How One Entrepreneur Uses Technology To Differentiate, Improve Productivity And Save Money
Technology is changing the way women entrepreneurs run their businesses
By Geri Stengel
June 26, 2013
Women use technology to solve problems, said Robin Raskin. She should know; her company, Living in Digital Times produces events and conferences highlighting how technology can solve the world’s problems.
One women with a vision is differentiating her tutoring company from the competition by embracing technology. Katherine Cohen, CEO and founder of IvyWise, didn’t start her company in 1998, as a technology-based company, but it is one now.
Many small businesses use technology to run the day-to-day functions of their businesses, such as banking and accounting; social media and online marketing; time management; travel and expense reporting. For Cohen, technology has become integral to the service she offers and is part of her business strategy.
IvyWise, provides admissions counseling, tutoring, and standardized test prep services to students in 33 countries, using a combination of Internet and telecommunication services.
Cohen noted that students were not getting into schools that matched their academic achievement with their personal ambition. Having expert advice for the student was the solution to the problem.
Thanks to technology, neither clients nor staff need be located near IvyWise headquarters in New York. Recent directors of admissions and application readers from highly selective colleges with expertise in getting into Ivy League schools and specialized programs are sourced throughout the country. Technology allows IvyWise to match students and counselors by need, expertise, and personality. In addition students benefit from the entire team’s expertise.
Technology plays a critical role in everything IvyWise does, from how it sources leads, tracks them, and converts them into customers to how students are counseled. When students and counselors are not in the same location, the coaching sessions are done online using Skype. Wacom Bamboo Tablets and IPevo cameras allow students and counselors to share materials seamlessly, even those that are are being handwritten or highlighted during the session.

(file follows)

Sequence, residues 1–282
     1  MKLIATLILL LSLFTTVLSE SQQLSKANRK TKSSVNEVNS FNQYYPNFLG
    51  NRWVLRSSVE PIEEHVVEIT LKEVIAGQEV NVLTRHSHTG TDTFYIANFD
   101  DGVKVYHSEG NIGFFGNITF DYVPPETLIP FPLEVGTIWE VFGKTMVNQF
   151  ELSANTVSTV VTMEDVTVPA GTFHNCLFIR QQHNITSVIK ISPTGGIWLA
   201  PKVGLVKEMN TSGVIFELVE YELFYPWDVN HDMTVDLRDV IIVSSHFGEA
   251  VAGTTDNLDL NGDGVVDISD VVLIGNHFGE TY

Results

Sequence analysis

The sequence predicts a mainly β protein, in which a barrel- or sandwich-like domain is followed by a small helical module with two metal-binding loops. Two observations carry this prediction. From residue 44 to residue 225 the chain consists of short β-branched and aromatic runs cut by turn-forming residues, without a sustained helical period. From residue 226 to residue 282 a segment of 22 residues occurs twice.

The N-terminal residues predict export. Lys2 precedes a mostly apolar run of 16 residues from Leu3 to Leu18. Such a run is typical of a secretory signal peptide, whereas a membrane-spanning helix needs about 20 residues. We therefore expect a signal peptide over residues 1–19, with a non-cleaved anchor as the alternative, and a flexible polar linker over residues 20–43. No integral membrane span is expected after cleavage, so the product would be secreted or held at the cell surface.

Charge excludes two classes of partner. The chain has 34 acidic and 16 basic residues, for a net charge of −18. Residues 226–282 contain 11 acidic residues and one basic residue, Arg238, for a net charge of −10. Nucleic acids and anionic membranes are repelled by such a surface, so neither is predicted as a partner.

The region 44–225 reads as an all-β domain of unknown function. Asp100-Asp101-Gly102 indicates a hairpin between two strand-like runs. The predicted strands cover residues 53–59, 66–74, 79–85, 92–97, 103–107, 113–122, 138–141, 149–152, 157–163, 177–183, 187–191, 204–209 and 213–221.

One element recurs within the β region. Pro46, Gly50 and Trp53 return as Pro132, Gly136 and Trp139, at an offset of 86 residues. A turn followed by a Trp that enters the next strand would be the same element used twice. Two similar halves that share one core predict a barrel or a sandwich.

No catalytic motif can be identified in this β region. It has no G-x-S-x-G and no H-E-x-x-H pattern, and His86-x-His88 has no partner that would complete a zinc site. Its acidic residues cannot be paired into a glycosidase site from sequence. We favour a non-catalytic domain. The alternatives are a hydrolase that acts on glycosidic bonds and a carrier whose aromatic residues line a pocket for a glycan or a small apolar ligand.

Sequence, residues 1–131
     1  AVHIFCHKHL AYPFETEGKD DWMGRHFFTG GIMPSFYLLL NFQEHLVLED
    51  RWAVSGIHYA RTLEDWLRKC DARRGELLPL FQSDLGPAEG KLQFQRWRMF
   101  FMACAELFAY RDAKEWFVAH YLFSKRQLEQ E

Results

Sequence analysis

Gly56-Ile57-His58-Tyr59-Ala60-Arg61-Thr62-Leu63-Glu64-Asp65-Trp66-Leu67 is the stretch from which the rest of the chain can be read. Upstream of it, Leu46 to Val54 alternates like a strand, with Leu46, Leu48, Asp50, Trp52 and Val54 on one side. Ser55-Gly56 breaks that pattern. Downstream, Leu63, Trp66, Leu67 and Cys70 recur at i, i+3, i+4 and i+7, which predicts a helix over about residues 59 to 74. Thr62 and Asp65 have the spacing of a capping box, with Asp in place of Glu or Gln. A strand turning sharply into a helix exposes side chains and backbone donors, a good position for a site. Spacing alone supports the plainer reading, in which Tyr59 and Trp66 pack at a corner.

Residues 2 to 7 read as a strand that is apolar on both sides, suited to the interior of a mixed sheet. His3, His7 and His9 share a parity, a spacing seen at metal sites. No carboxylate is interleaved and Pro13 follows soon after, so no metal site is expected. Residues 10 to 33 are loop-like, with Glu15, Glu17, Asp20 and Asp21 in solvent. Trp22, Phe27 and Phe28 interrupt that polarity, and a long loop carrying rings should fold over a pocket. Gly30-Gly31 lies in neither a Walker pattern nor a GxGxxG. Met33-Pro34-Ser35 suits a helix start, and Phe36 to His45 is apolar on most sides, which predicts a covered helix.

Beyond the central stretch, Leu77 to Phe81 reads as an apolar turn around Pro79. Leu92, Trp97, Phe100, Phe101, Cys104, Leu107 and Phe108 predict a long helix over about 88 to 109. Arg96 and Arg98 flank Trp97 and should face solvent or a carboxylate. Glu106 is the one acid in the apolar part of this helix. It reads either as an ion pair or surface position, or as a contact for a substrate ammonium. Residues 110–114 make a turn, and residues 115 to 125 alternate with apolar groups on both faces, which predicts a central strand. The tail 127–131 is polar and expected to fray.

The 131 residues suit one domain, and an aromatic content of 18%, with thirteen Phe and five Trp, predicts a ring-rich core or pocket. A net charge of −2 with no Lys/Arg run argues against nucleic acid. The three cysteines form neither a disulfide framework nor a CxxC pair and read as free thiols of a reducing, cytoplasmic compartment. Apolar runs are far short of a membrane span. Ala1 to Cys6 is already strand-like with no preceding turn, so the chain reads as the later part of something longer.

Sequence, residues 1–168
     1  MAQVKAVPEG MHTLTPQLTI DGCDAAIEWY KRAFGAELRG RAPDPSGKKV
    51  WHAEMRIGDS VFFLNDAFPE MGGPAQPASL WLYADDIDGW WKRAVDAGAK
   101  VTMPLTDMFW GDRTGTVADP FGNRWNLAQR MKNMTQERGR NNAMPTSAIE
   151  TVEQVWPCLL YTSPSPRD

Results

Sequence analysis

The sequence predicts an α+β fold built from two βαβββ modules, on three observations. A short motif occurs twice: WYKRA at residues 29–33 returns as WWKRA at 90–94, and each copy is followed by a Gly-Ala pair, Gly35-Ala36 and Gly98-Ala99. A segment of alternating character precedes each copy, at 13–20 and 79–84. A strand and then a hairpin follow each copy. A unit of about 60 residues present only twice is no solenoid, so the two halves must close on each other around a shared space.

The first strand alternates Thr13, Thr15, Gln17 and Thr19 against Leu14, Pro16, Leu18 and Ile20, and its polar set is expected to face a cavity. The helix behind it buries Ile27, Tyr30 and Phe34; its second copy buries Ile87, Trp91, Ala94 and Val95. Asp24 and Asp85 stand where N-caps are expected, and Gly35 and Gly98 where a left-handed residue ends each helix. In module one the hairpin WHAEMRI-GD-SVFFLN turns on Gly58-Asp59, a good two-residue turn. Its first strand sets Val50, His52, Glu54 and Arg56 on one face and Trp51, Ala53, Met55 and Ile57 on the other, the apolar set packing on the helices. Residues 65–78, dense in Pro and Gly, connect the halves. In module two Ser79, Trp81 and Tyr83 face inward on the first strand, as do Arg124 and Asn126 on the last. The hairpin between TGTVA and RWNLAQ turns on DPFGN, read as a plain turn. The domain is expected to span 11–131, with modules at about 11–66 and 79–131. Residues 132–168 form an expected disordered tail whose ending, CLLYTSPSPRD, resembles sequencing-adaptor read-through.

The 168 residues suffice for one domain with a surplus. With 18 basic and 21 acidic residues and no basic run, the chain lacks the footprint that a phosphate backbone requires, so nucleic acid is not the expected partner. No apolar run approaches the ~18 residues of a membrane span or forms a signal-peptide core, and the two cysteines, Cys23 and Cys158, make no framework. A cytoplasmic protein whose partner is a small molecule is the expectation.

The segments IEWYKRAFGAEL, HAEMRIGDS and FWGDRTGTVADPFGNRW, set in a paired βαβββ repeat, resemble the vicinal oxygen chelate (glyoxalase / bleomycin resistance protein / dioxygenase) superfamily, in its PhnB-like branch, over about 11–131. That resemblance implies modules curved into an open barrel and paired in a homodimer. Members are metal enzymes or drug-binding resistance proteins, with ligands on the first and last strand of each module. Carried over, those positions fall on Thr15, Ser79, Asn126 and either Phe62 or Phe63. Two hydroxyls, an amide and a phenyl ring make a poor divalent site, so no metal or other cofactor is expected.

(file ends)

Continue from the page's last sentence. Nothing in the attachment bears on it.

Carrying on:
After the session, counselors use MacSpeech Scribe to record, transcribe, and clean up their notes. The process takes about half the time it did in the past. IvyWise has an online program that allows the student, counselor, and parents to follow the student’s progress together, communicate, and collaborate 24/7. It also allows a counselor to consult and collaborate with other counselors. Everything is highly secure.
One last benefit: IvyWise has gone paperless, allowing them to save money on storing those cabinets they used to fill with student files.
Technology is changing the way women entrepreneurs manage their personal lives
Because women love to gather information, communicate, and collaborate, they are emerging as the power-users of today’s most widespread and vital technologies, according to Raskin. The lines between work and home are blurred. It may be a chicken-and-egg thing. Because women use technology in their personal lives, they’re bringing it into their business lives or because women use technology in their business lives, they’re bringing it into their personal life. Maybe its both. Either way, women are now using some technologies more than men, including the Internet, mobile phones (voice and text), Skype, e-devices, GPS, and social networking. It allows time-poor women to juggle their busy personal and business lives.
Cohen uses technology to manage her personal live. She has a 2-year-old and a 6-year-old. She uses Google’s online calendars to keep track of her business schedule and that of her family. Rather than waiting for a taxi, Cohen uses a transportation app, Uber, to set pickups for herself and the kids. Uber allows Cohen to track where her nanny is with the kids, making her less anxious about the kids.
How are you using technology to improve your business and personal life?